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Efficient fdCas9 Synthetic Endonuclease with Improved Specificity for Precise Genome Engineering.

Aouida M, Eid A, Ali Z, Cradick T, Lee C, Deshmukh H, Atef A, AbuSamra D, Gadhoum SZ, Merzaban J, Bao G, Mahfouz M - PLoS ONE (2015)

Bottom Line: Here, we generated a synthetic chimeric protein between the catalytic domain of the FokI endonuclease and the catalytically inactive Cas9 protein (fdCas9).Furthermore, we observed no detectable fdCas9 activity at known Cas9 off-target sites.Taken together, our data suggest that the fdCas9 endonuclease variant is a superior platform for genome editing applications in eukaryotic systems including mammalian cells.

View Article: PubMed Central - PubMed

Affiliation: Laboratory for Genome Engineering, Division of Biological Sciences & Center for Desert Agriculture, 4700 King Abdullah University of Science and Technology, Thuwal, 23955-6900, Kingdom of Saudi Arabia.

ABSTRACT
The Cas9 endonuclease is used for genome editing applications in diverse eukaryotic species. A high frequency of off-target activity has been reported in many cell types, limiting its applications to genome engineering, especially in genomic medicine. Here, we generated a synthetic chimeric protein between the catalytic domain of the FokI endonuclease and the catalytically inactive Cas9 protein (fdCas9). A pair of guide RNAs (gRNAs) that bind to sense and antisense strands with a defined spacer sequence range can be used to form a catalytically active dimeric fdCas9 protein and generate double-strand breaks (DSBs) within the spacer sequence. Our data demonstrate an improved catalytic activity of the fdCas9 endonuclease, with a spacer range of 15-39 nucleotides, on surrogate reporters and genomic targets. Furthermore, we observed no detectable fdCas9 activity at known Cas9 off-target sites. Taken together, our data suggest that the fdCas9 endonuclease variant is a superior platform for genome editing applications in eukaryotic systems including mammalian cells.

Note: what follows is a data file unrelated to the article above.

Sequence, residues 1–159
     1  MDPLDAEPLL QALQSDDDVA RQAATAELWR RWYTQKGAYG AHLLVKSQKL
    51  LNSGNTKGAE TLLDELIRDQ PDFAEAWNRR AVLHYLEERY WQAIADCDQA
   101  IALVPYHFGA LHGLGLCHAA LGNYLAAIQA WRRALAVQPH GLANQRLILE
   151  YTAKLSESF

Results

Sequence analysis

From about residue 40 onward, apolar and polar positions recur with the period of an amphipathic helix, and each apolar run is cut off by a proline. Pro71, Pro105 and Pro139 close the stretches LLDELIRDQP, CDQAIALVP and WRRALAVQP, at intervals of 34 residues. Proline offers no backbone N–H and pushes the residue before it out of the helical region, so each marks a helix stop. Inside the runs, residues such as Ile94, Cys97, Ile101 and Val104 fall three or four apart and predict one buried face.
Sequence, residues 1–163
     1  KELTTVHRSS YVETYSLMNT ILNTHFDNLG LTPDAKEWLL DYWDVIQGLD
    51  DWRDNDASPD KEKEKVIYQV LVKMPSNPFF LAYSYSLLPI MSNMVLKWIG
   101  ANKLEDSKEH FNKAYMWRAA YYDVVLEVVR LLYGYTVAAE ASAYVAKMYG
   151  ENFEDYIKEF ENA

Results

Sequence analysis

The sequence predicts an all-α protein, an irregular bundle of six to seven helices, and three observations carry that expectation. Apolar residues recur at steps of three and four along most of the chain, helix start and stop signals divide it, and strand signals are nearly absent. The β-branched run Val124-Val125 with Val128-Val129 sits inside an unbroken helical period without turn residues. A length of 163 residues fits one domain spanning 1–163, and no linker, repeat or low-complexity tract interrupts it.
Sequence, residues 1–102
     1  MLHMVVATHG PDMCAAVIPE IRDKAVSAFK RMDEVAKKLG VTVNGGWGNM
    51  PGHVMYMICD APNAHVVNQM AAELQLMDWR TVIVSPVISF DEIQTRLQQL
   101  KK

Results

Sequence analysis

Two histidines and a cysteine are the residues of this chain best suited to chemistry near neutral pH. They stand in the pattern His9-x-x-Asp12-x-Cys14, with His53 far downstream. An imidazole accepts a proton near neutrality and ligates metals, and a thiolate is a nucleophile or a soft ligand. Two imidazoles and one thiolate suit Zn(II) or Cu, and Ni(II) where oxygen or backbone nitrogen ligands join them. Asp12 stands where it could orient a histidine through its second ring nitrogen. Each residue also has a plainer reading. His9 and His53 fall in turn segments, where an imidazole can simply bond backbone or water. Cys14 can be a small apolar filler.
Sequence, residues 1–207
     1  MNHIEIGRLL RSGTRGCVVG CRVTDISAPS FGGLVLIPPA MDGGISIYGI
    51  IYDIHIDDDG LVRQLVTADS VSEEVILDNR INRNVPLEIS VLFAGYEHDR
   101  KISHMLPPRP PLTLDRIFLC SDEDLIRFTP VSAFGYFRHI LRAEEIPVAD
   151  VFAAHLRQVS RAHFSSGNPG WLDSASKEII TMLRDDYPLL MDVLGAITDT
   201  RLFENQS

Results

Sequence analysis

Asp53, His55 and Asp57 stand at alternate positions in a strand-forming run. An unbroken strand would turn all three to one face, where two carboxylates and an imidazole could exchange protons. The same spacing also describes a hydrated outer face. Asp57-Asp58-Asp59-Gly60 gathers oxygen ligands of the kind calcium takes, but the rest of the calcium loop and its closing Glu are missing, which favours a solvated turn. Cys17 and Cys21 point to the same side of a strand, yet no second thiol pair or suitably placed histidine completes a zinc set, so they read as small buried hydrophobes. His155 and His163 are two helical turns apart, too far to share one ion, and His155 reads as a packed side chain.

No MeSH data available.


Schematic representation of different dCas9 and FokI fusion variant architectures.(A) Schematic strategy used to test dCas9 and FokI fusion variants for homodimer formation and double-strand break (DSB) generation within the target sequence. A pair of gRNAs capable of guiding the dCas9 and FokI fusion variants and binding to the sense and antisense DNA strands to facilitate dimerization of the FokI catalytic domain is shown. (B) Schematic representation of dCas9 and FokI fusion variants. The FokI catalytic domain was fused to either the C- or N-terminus of dCas9 with different linker sequences to facilitate dimer formation. The fdCas9 variant was cloned under the CMV promoter with a linker of 16 amino acids and 4 NLSs, one in the N-terminal domain and three in the C-terminal domain. dCas9 was also cloned under the CMV promoter and used as a negative control. NLSs were included on either or both ends of the fusion protein to boost its nuclear localization.
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pone.0133373.g001: Schematic representation of different dCas9 and FokI fusion variant architectures.(A) Schematic strategy used to test dCas9 and FokI fusion variants for homodimer formation and double-strand break (DSB) generation within the target sequence. A pair of gRNAs capable of guiding the dCas9 and FokI fusion variants and binding to the sense and antisense DNA strands to facilitate dimerization of the FokI catalytic domain is shown. (B) Schematic representation of dCas9 and FokI fusion variants. The FokI catalytic domain was fused to either the C- or N-terminus of dCas9 with different linker sequences to facilitate dimer formation. The fdCas9 variant was cloned under the CMV promoter with a linker of 16 amino acids and 4 NLSs, one in the N-terminal domain and three in the C-terminal domain. dCas9 was also cloned under the CMV promoter and used as a negative control. NLSs were included on either or both ends of the fusion protein to boost its nuclear localization.